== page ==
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Uncommon Transitions
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Uncommon Transitions

Author: Manohar

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Uncommon Transitions features conversations with individuals who have made a transition from one line of work to something very different. From IT to the social sector, for instance; or from management consulting to journalism; from advertising to spirituality, perhaps. Together with my guests I explore this transition to figure out what drove them to this change, how the change has panned out, and what they’ve learned from it. We speak about the differences between the occupations they’ve had, and how the transition has impacted them personally. Read more at
6 Episodes
Shruti Reddy started working as a developer in the IT industry in 2006. But after about a decade in what she describes as “hard-core techie” roles, she quit and started a funeral services company. That’s right, a company that offers services “assisting you in your loved ones last journey”. I must confess I was a bit nervous about how this episode would turn out. That’s because while the subject matter was fascinating, I wondered if the conversation would live upto the expectations this topic generated. I needn’t have worried. Shruti, as you will soon hear, animates the conversation with her unbounded energy and enthusiasm, traits that have kept her going in this very difficult field. She opens up about the challenges she faced starting this venture, and she shares her ambitions for the future — not just of her company but of the industry in general. She talks about her previous life in the IT industry, the attitudes she saw there, and how she dealt with them. She reveals her deep interest in spirituality and her thoughts on a good death. She ruminates on how the five years in this field have changed her personally. Death may be a morbid subject, but this conversation is anything but morbid. I hope you have as much fun listening to Shruti as I did talking to her.Read more here. Music Credits:Carefree by Kevin MacLeodLink:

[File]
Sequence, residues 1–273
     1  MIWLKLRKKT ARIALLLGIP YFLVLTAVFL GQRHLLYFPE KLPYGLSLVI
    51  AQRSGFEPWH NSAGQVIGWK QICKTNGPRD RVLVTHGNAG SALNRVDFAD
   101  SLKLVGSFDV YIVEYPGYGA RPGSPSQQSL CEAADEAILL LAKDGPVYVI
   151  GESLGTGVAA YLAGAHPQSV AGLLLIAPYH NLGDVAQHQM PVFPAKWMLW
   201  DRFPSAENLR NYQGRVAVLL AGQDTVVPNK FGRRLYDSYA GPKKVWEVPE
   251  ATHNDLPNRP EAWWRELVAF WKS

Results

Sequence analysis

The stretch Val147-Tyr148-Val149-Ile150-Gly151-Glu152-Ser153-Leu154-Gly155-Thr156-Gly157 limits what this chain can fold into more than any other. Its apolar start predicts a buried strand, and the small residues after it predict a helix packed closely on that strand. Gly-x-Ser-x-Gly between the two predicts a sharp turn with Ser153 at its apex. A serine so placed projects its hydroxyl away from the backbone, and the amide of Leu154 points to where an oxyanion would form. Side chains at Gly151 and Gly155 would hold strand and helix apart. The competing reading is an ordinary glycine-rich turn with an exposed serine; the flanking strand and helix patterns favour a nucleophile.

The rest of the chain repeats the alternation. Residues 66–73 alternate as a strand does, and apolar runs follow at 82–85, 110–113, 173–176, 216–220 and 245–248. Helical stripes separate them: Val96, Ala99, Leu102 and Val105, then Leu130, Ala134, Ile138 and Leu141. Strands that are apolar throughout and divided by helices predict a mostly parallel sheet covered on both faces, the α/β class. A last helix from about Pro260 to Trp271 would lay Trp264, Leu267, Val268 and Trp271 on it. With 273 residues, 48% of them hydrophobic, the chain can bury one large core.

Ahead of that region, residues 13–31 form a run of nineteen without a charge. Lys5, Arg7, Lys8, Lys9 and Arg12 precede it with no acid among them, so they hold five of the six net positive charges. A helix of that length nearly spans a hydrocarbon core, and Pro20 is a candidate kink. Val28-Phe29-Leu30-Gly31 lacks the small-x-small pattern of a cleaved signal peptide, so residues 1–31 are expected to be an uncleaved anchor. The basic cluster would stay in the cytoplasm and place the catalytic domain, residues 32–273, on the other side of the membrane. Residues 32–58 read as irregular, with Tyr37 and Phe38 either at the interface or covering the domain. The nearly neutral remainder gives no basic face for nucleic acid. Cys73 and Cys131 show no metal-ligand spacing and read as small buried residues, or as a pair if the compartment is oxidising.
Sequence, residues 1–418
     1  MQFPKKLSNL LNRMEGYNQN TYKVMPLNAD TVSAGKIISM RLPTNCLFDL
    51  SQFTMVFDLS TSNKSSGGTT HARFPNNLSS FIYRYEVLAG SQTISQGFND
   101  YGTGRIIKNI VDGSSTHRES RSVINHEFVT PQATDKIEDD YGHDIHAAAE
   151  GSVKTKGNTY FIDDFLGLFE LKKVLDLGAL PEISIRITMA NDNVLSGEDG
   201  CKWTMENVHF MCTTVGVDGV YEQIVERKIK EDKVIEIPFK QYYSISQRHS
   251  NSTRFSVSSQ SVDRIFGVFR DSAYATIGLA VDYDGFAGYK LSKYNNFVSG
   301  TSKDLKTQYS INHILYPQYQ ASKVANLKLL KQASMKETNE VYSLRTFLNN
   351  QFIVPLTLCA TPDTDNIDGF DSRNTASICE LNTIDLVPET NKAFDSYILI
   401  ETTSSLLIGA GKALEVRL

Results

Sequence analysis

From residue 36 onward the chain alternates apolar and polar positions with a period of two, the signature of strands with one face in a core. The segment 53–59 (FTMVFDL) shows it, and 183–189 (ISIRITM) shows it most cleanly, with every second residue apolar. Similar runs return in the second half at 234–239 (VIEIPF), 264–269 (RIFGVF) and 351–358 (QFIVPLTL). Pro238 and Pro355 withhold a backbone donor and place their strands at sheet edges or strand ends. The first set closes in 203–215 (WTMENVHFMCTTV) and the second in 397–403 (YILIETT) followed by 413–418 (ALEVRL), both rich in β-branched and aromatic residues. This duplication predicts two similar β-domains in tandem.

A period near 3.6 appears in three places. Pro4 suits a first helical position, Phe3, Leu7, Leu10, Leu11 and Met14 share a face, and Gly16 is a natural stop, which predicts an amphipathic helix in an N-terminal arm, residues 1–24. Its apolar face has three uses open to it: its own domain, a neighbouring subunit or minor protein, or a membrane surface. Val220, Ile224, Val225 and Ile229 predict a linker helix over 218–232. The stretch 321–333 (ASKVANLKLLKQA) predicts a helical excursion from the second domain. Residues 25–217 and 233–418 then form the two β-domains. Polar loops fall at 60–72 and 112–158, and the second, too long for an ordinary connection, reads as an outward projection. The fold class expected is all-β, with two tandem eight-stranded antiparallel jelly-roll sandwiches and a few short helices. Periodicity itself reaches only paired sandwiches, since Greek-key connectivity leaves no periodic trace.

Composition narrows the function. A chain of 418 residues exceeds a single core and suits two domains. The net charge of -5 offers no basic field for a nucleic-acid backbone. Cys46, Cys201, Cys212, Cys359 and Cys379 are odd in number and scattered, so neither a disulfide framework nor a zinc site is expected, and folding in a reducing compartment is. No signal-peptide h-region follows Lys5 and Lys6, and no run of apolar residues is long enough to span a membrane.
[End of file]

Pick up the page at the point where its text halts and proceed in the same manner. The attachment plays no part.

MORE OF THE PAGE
I chose the name ‘Uncommon Transitions’ in the plural to showcase the plurality of transitions across a group of people, not a single person. And the trend so far has been exactly that: each person has had one major transition. But my guest in this episode breaks that trend, and how! Over a career spanning sixteen years, Malini Gowrishankar has been through multiple transitions spanning very different fields. She started in IT, then became a Voice-Over artist, dabbled in between as a Radio Jockey, founded a travel company for women travellers in India, and now she’s back in IT part-time in a very different role to the one she began her career in. I love this conversation for the way it brings out Malini’s curiosity to see what’s on the other side, her drive to embrace heterogeneity, her desire for social impact, and her business acumen which she’s developed not through some fancy MBA program but by building businesses and their brands from scratch. I learned so much from this insightful conversation, and I hope you do too.Read more here. More on Malini’s vocations and public appearancesVoice-over Website: Voice of MaliniTravel website: F5 EscapesTEDx Talk: Pushing MarginsMalini lives in Bangalore with her son. Music Credits:Carefree by Kevin MacLeodLink: